Vladimir Nabokov

NABOKV-L post 0001167, Fri, 28 Jun 1996 10:26:58 -0700

Re: Unreliable narrators (fwd) -Reply (fwd)
From: Brian D. Walter <bdwalter@artsci.wustl.edu>

In response to the earlier request for titles of works that incorporate
'unreliable narrators,' I am tempted to ask (w/o, I hope, sounding
flippant), what exactly the original inquirer (whose name, unfortunately,
escapes me at the moment) means by the term. If you mean simply a narrator
whose account, at face value, cannot be accepted for truth, then, as a
good Nabokovian, you know that any book you pick up fits the definition,
for no narrator (in Nabokov's view of art) fails of partiality in his or
her recording efforts. The artist, he says in "Good Readers and Good
Writers," only follows the lead of the 'arch-cheat Nature' by investing
the work with intricate systems of enchantment and deception. It is, in
fact, quite possible to discern in Nabokov's work a concerted effort to
make us as readers recognize that the term 'unreliable narrator' is little
more than a tautology, whether we are reading PALE FIRE under the guidance
of the inspired lunatic, Charles Kinbote, or wading our way through a
narrative by Henry James, the champion of the 'fixed' or apparently
reliable narrative point-of-view (a writer who seldom failed to draw
Nabokov's criticism).

That gratuitous homily now delivered, let me suggest a few titles whose
narrators may not be encapsulated by simple notions of unreliability, but
in which the narrators' perceptions of the events described clearly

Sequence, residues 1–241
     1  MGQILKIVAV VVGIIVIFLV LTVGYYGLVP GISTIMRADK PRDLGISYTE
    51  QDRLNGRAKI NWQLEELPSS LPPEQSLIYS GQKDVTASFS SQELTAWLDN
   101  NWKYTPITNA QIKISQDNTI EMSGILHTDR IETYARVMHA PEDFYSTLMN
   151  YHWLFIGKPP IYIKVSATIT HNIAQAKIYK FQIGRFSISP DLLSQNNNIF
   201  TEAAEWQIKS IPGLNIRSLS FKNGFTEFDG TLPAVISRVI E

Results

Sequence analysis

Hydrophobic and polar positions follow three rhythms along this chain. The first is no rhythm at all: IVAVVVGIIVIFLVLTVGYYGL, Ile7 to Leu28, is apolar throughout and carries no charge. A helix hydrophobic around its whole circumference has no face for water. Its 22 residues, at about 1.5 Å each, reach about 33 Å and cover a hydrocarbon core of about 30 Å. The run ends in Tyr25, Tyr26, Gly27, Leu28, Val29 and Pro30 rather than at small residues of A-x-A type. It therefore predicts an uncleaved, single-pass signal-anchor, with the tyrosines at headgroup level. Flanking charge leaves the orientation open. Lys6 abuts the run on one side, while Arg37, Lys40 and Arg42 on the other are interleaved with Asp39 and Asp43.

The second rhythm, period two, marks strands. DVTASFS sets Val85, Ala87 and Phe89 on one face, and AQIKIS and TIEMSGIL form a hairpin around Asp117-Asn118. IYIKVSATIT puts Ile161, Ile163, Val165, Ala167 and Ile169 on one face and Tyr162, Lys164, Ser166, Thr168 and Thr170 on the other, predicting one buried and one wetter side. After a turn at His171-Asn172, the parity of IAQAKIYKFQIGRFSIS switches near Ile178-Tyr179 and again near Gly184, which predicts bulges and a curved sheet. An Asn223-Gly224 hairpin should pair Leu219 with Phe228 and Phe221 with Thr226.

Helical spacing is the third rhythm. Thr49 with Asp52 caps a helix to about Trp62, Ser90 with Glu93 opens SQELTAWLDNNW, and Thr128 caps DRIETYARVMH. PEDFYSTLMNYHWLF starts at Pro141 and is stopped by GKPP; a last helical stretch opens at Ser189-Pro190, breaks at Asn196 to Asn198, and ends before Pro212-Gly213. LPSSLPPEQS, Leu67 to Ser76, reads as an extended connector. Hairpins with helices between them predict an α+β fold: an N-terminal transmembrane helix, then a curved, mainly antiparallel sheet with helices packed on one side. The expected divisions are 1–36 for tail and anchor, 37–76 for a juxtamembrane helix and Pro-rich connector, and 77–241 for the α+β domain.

departs from our perceptions as readers -- works moreover where this gap
is put to interesting, sometimes even compelling, use within the author's
larger artistic designs:

Laclos, DANGEROUS LIAISONS (a work Nabokov knew, and quite likely knew
well and sympathetically, to judge from his commentary to EUGENE

Poe, stories (another author VN obviously knew well; try especially
"William Wilson," "The Tell-Tale Heart," "The Cask of
Amontillado," and "The Fall of the House of Usher," to name a
few of the more obvious and well-known examples)

Dostoyevsky, NOTES FROM UNDERGROUND (perhaps the most famous example of
the 'unreliable narrator' and another source of Nabokovian parody)

James, THE TURN OF THE SCREW and THE ASPERN PAPERS (Nabokov hinted that he
liked the former, but criticized the latter rather harshly in
letters to James fan Edmund Wilson; nevertheless, both novellas
are well worth your time)

Ford, THE GOOD SOLDIER (narrator John Dowell is another famous dupe or
liar -- maybe both; you make the call)

Banville, THE BOOK OF EVIDENCE, GHOSTS, and ATHENA (Nabokov's name
appears over and over again as a likely influence on the author in
these novels told by a cultured convict)

Gass, THE TUNNEL (a huge book told by a repellent monster, with numerous
passages of inspired prose)

Brian Walter
Washington University